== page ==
tolerant of it? A world where the president is waging war based on almost

thinking he is sent by God, and not cleaning up the global warming, etc. (not

necessarily from the president but major players who think we are in end times

anyway).

 

 

--des

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This is a very interesting book (mostly), that it, a one might say, anti-theistic polemic.

He says the following things: faith in anything not substantiated by factual information

is harmful and leads to violence and other bad things; that Christianity and Islam

are particularly violent and harmful; that the only hope for humanity is to give

up ancient beliefs and become rational nontheistic people.

 

--des

 

Hi des,

 

That is quite a statement and conclusion. It seems to me obvious that he is not intimately familiar with theistic religions except in a general fundamental sense. Faith in Love is neither harmful or violent if defined correctly and factual information that he speaks of is actually perceptual information. Even Buddhism does much to show us that what we think is factual is just a colored perception and that true knowledge is obtained by transcending the mind rather than allowing it to determine what is fact and what is not. The mind is incaple of this. Just some thoughts to consider.

 

Love in Christ,

JM

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I think there are many limitations to Sam Harris' thinking, even though I thought his book

was thought provoking. Obviously if religions practiced the love they professed to, this world

would be a MUCH better place. Alas that is not always so, as the events that Mr. Harris

described did happen/are happening all over the world.

 

 

Mr. Harris is quick to write off things done good in the name of religion, saying something

to the effect that good can come without religion. (I would agree there). But I think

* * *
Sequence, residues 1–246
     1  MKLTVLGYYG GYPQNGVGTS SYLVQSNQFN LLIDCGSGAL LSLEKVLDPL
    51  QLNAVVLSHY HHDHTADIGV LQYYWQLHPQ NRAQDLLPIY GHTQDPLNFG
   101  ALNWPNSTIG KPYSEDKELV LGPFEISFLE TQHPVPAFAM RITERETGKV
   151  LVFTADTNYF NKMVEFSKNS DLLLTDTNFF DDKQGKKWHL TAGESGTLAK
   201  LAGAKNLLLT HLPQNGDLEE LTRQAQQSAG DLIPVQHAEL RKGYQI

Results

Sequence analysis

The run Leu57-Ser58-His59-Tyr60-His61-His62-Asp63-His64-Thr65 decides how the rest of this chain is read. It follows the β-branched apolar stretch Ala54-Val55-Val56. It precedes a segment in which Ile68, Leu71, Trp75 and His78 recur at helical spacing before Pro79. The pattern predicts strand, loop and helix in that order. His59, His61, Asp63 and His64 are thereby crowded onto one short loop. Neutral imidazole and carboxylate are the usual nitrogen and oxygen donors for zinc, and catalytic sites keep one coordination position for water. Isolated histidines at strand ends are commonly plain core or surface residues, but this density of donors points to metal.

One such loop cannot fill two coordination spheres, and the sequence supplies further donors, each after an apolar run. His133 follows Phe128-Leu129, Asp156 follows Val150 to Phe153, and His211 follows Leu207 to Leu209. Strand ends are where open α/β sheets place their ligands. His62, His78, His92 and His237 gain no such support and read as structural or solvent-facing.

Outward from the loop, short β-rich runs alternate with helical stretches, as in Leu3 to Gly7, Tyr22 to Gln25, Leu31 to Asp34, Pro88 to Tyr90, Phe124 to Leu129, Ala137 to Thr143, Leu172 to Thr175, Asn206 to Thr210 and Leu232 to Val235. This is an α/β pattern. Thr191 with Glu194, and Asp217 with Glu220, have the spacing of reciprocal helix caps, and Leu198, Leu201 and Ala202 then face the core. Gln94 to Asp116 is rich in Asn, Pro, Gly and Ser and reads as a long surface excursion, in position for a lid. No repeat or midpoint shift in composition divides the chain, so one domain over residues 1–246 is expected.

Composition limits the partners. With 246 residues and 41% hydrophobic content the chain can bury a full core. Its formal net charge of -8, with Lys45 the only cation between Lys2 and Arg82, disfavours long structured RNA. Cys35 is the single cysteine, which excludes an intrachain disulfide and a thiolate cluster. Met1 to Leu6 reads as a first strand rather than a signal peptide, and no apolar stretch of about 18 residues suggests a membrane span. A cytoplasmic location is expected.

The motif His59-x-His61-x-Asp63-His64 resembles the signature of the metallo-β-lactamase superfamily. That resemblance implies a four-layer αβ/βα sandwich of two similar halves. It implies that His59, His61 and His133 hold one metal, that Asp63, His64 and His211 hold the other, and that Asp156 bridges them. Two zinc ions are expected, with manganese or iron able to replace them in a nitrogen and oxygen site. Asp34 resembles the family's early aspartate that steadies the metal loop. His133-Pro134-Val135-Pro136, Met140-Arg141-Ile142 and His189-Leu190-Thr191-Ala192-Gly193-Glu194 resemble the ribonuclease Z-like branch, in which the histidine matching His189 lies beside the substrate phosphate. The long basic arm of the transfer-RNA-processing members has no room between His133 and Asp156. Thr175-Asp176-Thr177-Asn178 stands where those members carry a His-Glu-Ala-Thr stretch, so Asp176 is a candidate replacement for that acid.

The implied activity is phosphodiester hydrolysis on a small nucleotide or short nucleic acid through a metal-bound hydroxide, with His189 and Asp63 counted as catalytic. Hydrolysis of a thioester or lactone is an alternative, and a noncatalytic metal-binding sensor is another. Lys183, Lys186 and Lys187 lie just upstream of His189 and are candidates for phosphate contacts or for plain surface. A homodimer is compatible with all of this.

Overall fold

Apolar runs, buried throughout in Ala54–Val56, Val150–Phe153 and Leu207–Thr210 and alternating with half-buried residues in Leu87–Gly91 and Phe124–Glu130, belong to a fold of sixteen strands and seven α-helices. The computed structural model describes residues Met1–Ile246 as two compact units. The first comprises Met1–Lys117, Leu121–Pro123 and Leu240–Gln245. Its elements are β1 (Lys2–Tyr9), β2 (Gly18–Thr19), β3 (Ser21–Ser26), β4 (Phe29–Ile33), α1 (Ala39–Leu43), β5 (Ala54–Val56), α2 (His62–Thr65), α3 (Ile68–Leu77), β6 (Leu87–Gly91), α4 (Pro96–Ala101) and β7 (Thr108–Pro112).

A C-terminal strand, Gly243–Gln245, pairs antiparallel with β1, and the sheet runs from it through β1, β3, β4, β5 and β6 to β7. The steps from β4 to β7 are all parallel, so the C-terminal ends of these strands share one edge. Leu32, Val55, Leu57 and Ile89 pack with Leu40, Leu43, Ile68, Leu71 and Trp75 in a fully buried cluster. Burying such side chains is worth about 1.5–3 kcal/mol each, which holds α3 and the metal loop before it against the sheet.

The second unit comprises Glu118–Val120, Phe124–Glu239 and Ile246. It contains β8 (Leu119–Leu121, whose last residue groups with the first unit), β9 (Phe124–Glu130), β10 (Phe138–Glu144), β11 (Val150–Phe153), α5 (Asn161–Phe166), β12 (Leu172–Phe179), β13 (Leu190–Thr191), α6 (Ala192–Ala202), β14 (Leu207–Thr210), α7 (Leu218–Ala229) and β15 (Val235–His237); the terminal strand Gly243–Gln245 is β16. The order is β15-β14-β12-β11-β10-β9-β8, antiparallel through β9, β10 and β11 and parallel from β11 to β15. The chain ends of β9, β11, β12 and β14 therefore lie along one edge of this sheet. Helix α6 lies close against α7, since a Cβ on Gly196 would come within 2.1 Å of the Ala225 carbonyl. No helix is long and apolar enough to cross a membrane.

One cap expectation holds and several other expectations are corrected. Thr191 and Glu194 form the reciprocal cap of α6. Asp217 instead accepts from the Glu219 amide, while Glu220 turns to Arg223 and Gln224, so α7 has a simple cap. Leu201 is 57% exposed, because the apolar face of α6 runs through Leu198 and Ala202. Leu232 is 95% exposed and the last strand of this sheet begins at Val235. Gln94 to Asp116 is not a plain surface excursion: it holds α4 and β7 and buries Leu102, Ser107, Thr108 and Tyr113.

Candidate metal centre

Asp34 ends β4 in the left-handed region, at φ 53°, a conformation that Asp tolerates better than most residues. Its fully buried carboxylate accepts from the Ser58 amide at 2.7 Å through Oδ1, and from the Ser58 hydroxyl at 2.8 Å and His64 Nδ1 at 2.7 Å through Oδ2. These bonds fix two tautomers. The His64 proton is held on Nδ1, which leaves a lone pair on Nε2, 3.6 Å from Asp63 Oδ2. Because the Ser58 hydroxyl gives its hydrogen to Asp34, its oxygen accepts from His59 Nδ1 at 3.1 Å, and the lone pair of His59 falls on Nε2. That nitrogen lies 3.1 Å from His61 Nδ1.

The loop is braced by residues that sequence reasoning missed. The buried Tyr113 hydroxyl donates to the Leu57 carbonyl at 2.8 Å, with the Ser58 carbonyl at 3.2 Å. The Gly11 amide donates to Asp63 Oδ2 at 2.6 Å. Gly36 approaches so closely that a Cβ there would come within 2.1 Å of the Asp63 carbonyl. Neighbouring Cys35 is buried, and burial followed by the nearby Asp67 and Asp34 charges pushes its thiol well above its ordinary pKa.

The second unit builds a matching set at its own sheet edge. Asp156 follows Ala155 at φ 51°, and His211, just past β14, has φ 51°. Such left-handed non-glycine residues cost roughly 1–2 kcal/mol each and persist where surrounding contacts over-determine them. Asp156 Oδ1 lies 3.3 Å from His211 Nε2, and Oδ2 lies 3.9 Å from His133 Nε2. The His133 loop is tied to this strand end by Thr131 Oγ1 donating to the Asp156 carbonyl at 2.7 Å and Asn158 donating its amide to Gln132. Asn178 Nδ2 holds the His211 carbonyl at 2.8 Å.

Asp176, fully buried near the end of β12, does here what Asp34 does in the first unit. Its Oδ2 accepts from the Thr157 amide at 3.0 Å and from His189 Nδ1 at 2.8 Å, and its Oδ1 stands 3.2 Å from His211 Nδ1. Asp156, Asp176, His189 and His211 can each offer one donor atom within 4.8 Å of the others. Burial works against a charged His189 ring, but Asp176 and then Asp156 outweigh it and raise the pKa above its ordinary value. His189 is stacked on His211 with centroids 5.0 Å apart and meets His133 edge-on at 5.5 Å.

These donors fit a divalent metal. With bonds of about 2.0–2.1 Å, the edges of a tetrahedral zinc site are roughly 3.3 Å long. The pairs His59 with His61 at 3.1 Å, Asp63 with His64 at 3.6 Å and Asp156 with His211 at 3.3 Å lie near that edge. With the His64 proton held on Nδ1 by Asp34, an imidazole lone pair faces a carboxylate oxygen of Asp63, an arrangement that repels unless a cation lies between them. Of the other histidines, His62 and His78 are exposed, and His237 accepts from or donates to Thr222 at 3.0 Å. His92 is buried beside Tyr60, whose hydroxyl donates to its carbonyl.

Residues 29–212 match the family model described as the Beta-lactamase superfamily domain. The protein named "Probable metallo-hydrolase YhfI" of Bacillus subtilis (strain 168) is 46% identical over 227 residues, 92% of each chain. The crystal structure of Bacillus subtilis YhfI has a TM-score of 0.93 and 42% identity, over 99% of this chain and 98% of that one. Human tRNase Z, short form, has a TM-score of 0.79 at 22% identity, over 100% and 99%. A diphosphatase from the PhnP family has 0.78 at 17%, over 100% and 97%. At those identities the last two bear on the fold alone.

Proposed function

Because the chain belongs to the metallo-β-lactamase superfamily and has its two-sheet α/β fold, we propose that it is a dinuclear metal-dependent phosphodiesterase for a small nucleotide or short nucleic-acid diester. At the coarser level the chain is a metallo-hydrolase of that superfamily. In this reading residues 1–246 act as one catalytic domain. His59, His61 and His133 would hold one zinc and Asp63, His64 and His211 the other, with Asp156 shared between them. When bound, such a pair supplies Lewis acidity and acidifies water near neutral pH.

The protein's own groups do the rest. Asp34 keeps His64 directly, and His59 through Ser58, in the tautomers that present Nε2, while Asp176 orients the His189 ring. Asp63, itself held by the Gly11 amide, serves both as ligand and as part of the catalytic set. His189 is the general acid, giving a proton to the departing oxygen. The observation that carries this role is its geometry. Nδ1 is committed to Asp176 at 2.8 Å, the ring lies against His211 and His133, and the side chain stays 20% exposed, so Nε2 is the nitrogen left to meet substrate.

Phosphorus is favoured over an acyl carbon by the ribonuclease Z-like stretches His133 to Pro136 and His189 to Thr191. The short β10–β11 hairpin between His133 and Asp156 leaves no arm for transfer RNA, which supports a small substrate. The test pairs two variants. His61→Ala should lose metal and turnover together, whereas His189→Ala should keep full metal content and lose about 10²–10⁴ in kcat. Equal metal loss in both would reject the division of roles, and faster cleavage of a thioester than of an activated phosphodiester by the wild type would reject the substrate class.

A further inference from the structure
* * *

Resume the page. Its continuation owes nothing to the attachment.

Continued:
he misses (or choses to miss) momentously good things done thru the whole of

organized religion, that would be hard to do otherwise. I think he carefully

selects these things, and doesn't deal with things he doesn't wish to mention, like the civil rights

movement or much fo the movement against apartheid, or slavery a century before.

 

Also one other logical error he makes is that any time a nonreligious (secular) event atrocity is

committed, that isn't secularisms fault, but the fact that sometimes religions are created

without God. For instance, communism would be a "religion", in his view. Then the fault

still is religion not secularism. I think this is a mistake. I think it is just another example

of absolute power corrupting absolutely. Of course, communism did take on irrational beliefs,

however, there could have been a purer communism that did not take these on. The problem

is not a sort of secular religion, imo. Of course, it may be that things that seem to be

on opposite ends of the extremes end up close together. I think it happens a lot.

 

There are lots of logical holes if you poke around awhile. But I think in this age of

fundamentalism, what Sam Harris does is quite brave. I'm sure he gets hate mail, and

if someone threatened to bomb him, I wouldn't be surprised.

 

He's written another "book", sort of his answer to the Paul's letters-- A Letter to

a Christian Nation". Haven't read that.

 

 

--des